In following the Divorce Feeds these days, I’m noticing some new trends. One is a lot of media attention around Good Divorces, and for that I am grateful. As a culture, we need to become more aware of the peaceful options for dissolving a marriage. We need to turn our attention away from the old ways of thinking and look outside the box for creative, win-win solutions to our family challenges.
The other trend is more concerning. I’ll call it “Diagnosed Divorces.” These unique separations are characterized by conflict caused by personality disorders. I’m seeing a lot of buzzwords such as “narcissistic abuse” and “high-conflict divorce.” To be honest, these words are quite familiar to me. I used them myself several years ago, as I desperately searched for answers as to why certain people went bat-shit crazy as a result of the dreaded D-word (the answer I found: they’re human). But now, such terminology causes me to pause, and/or cringe.
Don’t get me wrong, high-conflict divorce is a real thing. In fact, it’s a real serious thing. And personality disorders can add a host of new challenges to an already-difficult situation. It’s important to arm appropriate individuals with appropriate information so they can design appropriate strategies and make appropriate decisions.
Did you catch the key word? As information becomes widely available, I fear that it will fall into the wrong hands to be put to inappropriate use. The result will be reduced resources for those in need and a further strain on the family court system. Thus many more families will suffer, and some will do so unnecessarily.
Let’s take a step back and consider the topic of divorce: it makes everyone a little crazy, doesn’t it? In a state of heightened stress, every interaction can feel like a train wreck, and every unmet expectation can appear to be an intentional attack. The emotional roller coaster spins us to the edge of sanity, and then some. Exes tend to argue. Sometimes they argue a lot, and contentious communication can be extremely uncomfortable.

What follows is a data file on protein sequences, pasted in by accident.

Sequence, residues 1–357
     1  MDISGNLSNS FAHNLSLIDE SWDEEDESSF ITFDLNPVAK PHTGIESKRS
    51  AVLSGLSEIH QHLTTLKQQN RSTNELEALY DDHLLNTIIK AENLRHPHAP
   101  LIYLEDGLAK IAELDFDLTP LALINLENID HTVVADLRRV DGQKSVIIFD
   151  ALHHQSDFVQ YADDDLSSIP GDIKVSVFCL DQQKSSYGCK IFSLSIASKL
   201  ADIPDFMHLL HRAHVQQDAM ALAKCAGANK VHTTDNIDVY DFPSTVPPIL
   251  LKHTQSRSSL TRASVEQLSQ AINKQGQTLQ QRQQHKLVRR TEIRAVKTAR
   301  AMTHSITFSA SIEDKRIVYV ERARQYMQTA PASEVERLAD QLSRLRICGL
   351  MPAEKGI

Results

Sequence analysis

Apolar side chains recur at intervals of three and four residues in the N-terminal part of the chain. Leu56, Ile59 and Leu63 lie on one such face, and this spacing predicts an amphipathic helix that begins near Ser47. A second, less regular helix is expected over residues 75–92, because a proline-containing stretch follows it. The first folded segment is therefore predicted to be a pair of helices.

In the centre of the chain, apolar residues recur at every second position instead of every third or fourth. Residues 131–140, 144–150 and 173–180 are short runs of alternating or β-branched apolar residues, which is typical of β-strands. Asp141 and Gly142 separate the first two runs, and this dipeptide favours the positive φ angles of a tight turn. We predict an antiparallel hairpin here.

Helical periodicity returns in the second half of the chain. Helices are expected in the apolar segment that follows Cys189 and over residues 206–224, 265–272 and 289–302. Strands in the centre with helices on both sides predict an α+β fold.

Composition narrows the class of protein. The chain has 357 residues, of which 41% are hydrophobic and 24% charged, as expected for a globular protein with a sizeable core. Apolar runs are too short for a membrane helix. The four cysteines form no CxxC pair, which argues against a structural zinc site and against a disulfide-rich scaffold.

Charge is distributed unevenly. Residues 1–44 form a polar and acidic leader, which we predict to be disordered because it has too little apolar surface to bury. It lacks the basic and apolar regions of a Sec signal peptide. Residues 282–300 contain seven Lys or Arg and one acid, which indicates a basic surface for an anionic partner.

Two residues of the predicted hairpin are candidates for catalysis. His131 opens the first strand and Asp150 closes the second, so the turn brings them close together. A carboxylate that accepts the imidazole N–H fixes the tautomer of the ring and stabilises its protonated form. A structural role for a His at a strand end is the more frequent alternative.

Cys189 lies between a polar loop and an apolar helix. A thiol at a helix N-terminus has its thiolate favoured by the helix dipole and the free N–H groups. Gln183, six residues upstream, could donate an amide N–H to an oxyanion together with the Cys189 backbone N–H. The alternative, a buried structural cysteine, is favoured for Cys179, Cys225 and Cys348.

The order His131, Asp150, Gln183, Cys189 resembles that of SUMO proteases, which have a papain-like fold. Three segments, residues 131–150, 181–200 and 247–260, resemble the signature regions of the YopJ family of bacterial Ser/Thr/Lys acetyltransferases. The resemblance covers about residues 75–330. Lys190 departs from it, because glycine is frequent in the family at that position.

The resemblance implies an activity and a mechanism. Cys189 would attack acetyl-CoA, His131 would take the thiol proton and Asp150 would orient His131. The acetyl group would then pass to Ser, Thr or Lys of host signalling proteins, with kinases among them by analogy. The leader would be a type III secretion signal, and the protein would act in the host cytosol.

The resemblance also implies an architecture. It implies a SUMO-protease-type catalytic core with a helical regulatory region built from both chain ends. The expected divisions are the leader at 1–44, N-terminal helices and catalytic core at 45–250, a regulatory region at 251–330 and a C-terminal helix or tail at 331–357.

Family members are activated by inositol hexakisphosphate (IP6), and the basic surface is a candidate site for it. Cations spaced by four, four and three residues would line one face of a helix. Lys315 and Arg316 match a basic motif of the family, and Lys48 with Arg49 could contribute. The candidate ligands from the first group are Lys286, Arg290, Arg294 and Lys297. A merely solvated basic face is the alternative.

Yet, in most cases, such conflict is born from productive intentions on both sides. Often, couples can adopt a new approach to work through the issues. It takes courage. It takes effort. It means stepping out of the coveted comfort zone. And, while no solution is perfect, it’s usually possible to find some cooperative middle ground so Mom and Dad can remain on the same parental team.
If creative and conservative approaches don’t work, perhaps you are in fact dealing with a diagnosable divorce. For those who find themselves in this segment, I applaud your efforts and acceptance. I hope you’re able to firmly define your boundaries and devise a strategy that makes your circumstances more tolerable.
But regardless of the current situation, let’s remember the effects of time as we move beyond the broken pieces and reconstruct our lives. If divorce teaches us anything, it’s the fact that relationships change. What was once a high-conflict scenario might be more cooperative a year or two (or five or ten) later. It’s OK to occasionally test the waters and re-configure those boundaries. Exes don’t have to be enemies forever.